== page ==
I also learned a valuable lesson: Don’t ever say “I’m going to watch one episode of Veronica Mars season one.  Because it won’t happen.  And next thing you know you’ll be up past 2am watching more  episodes until you’ve finished the whole dame season.

Tune This Time Vampire

As mentioned on several occasions previously, I ditched my satellite TV and went back to plain old over-the-air broadcasts.

For the most part, this is great, particularly on the money-saving front.  Since I have a pretty wide variety of channels in this area, there’s almost nothing I would have watched that I don’t get now.

But there’s a slightly time-consuming price involved here.  The really-old-skool rabbit ears on the TV that’s upstairs doesn’t pick up everything.  It requires adjustment.

Lots of adjustment.  And I’m still trying to figure out the optimal position to get CBS to tune in.  The efforts involved in achieving have been embarrassingly elaborate and time consuming.  It’s one of those times I’m glad I live alone because no one can mock me for my efforts.  First you try moving the antennae.  Then I propped it higher on a shelf.  Then came the books.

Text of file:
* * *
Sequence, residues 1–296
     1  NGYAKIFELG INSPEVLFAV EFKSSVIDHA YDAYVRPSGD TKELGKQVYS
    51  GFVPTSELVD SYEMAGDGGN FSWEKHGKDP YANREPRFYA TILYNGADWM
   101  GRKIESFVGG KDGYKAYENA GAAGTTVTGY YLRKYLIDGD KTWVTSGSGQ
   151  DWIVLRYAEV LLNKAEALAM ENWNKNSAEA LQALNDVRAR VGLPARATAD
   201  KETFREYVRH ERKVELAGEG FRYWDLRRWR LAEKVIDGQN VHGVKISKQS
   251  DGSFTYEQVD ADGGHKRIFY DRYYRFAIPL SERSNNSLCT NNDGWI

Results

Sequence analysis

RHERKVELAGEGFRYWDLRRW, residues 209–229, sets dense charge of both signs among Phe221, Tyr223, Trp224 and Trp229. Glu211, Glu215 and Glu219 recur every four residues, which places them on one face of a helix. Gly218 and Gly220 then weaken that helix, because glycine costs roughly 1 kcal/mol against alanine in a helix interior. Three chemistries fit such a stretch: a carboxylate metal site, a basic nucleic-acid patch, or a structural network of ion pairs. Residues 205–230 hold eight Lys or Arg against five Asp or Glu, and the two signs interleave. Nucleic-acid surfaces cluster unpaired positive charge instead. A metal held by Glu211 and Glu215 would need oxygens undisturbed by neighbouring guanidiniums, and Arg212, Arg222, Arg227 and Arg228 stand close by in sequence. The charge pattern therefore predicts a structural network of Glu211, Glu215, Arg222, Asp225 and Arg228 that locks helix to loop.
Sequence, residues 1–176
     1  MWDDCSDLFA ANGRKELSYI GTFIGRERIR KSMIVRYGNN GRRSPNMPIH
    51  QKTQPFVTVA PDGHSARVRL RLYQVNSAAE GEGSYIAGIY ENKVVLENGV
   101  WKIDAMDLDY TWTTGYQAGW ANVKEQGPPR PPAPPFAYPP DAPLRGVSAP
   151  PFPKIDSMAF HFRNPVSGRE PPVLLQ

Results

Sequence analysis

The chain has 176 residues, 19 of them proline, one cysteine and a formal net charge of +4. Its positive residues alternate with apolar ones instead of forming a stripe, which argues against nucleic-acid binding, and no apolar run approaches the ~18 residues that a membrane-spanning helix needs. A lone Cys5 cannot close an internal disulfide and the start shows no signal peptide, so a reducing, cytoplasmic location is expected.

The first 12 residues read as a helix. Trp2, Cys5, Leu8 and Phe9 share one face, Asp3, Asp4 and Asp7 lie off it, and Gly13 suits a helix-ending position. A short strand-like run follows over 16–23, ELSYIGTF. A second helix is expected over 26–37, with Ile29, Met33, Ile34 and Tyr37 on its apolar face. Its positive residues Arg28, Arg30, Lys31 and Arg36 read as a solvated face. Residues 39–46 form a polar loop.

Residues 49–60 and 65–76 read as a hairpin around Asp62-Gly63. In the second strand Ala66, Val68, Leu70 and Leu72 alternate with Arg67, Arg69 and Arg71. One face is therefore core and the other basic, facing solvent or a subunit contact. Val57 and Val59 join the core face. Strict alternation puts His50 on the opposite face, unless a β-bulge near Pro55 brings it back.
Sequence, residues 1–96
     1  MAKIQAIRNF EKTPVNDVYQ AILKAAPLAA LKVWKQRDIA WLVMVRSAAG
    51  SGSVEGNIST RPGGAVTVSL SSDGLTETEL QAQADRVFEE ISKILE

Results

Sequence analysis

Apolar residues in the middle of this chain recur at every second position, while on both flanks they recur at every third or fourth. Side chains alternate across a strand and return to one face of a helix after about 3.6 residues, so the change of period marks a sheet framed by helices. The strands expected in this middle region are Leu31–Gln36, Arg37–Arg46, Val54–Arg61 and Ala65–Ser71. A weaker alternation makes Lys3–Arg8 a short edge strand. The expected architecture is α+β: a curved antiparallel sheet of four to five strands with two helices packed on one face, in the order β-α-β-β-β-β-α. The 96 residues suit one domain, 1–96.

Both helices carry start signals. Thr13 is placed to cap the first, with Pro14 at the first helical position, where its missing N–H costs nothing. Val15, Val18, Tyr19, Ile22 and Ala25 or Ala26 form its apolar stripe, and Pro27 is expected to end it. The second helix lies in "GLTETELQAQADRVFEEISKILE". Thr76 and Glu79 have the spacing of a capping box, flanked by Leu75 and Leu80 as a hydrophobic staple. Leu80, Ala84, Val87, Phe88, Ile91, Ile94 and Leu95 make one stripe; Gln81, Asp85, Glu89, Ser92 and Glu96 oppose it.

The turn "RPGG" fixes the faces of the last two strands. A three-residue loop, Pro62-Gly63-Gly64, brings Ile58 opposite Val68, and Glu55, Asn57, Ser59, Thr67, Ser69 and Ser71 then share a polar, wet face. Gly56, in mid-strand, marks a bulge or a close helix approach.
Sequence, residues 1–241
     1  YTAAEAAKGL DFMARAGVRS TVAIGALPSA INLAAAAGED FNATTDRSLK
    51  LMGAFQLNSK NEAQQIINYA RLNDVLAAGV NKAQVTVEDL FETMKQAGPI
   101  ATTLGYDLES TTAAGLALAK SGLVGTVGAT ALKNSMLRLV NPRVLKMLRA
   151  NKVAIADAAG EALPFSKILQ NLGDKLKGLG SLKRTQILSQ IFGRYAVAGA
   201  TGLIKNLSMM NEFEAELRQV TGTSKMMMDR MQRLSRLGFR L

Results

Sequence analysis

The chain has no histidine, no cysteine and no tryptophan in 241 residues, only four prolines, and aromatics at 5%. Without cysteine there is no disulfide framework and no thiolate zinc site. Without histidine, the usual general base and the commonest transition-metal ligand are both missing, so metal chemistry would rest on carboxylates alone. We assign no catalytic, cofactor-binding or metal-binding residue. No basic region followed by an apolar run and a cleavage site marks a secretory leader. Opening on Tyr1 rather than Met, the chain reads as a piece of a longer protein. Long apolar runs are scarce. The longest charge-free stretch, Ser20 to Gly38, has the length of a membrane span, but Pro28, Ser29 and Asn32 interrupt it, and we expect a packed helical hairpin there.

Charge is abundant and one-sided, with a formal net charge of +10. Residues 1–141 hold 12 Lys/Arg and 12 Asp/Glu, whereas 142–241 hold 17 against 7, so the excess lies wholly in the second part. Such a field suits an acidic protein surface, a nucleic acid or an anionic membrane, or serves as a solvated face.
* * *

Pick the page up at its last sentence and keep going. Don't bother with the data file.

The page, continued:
I realized I was going too far when I found myself in the basement looking for my brother’s old Tinker-Toys with grand plans of building an rotating platform (and for those concerned about my previous post, I had a cup of tea in one hand during the search).  And, yes, I had given thought to employing a small electric motor to handle the actual rotation.

It’s not like I can’t get CBS at all.  I only have to go downstairs.  But it’s turned into a kind of crusade now.  A puzzle that begs to be solved.  In the midst of my complaints about the lack of time for so many other things, I just can’t seem to let this one go.

Farewell (for now) Pine Valley